Ivan Silva: A voice on the air

Ivan Silva broadcasting for the Organization of American States during his first year in 1957. (Photo courtesy of Ivan Silva)

By Bob Merikangas

Resident Writer

Many of us at Riderwood found a variety of ways over the years to share our voices, our words, with others, going beyond our daily conversations. We wrote articles and books, gave talks, put messages on the web, sent emails, and more. Now we are discovering that one of our recently arrived neighbors had opportunities well beyond the experiences of most of us, and shared his voice on radio and television, often not just locally but internationally. Ivan Silva started broadcasting in Latin America, and then came to the United States to continue speaking to the world.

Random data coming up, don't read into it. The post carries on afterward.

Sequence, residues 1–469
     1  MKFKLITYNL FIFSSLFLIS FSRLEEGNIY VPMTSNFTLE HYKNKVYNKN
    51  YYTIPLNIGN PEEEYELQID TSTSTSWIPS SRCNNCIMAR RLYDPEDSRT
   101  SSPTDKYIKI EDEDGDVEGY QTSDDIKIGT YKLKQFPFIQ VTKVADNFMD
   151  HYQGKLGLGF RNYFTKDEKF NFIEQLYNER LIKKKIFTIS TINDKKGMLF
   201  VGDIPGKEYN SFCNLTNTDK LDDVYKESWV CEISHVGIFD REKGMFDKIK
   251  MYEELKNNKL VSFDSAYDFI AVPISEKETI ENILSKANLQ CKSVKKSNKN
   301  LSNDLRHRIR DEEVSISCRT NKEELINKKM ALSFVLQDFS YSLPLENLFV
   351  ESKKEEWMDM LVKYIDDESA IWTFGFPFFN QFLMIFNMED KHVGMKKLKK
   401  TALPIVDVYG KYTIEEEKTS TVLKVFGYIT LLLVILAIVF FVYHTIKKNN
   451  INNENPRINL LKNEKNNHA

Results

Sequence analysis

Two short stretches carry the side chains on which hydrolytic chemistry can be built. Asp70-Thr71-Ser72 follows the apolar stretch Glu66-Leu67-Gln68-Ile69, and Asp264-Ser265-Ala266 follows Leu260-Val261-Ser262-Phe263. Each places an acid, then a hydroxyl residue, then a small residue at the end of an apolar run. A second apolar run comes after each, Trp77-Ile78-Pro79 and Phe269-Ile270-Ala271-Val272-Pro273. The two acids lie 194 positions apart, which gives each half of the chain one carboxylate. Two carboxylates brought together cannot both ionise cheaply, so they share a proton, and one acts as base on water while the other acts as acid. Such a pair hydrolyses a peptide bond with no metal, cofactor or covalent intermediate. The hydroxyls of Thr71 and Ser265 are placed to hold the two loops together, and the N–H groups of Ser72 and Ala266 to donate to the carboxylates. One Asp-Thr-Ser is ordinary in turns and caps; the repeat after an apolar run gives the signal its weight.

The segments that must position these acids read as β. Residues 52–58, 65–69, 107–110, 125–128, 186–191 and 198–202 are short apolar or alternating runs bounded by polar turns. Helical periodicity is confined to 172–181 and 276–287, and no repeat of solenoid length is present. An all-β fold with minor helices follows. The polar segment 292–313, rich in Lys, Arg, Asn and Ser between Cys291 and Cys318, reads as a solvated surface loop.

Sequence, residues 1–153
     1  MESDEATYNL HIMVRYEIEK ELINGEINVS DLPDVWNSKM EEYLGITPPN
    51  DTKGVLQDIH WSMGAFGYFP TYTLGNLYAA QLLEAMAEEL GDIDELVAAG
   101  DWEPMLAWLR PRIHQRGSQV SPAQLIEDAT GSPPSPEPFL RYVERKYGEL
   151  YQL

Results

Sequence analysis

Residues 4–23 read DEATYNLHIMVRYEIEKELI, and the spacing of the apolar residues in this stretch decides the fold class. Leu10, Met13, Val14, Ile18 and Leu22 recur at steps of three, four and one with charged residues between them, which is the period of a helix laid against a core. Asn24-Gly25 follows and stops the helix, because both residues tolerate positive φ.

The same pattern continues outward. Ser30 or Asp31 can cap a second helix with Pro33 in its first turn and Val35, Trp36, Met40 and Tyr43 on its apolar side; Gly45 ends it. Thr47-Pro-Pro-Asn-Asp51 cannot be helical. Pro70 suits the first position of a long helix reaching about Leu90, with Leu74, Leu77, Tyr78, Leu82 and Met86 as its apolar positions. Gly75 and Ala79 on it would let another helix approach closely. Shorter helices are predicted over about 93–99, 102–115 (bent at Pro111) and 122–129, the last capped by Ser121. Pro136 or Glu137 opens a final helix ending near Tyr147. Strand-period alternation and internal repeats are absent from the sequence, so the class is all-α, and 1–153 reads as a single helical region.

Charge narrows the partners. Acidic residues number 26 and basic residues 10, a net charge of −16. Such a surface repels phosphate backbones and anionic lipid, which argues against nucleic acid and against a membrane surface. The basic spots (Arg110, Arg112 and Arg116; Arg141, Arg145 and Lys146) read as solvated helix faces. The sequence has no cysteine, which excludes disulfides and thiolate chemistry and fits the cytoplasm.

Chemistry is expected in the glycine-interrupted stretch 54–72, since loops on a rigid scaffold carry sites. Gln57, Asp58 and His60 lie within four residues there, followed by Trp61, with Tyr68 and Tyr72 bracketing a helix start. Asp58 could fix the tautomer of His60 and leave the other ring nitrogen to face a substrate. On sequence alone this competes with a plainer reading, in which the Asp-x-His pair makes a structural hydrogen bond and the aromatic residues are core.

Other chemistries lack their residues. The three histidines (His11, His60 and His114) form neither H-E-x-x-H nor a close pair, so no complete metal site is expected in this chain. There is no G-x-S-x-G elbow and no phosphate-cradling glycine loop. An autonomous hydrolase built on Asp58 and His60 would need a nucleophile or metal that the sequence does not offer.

Starting in 1945, at the age of 15, Ivan began working in radio when living in Santiago, Chile. Over the years his voice was heard by shortwave radio in the Philippines, and broadcast by the Voice of America around the world. After a short time with TV Caracas, in Caracas, Venezuela, he and his family came to Washington in 1957, invited by the Organization of American States (OAS) to be a voice for their broadcasts. His program was heard by over 500 radio stations in Latin America.

With OAS he was a narrator of documentaries, including those by the National Geographic television network and the U.S. Information Agency (USIA). He also spoke Spanish for programs of the Smithsonian Institution’s National Air and Space Museum, and for WorldNet Television and Film Service. He was a voice for a report on a space flight from Cape Canaveral in Florida in 1961. He once provided a voice for Omar Sharif, in a documentary on the pyramid in Egypt.

Ivan retired from the OAS after 32 years in 1989. In retirement he has contributed to the OAS Association of Retirees newsletter. He provides short, funny entries called Stupidities.

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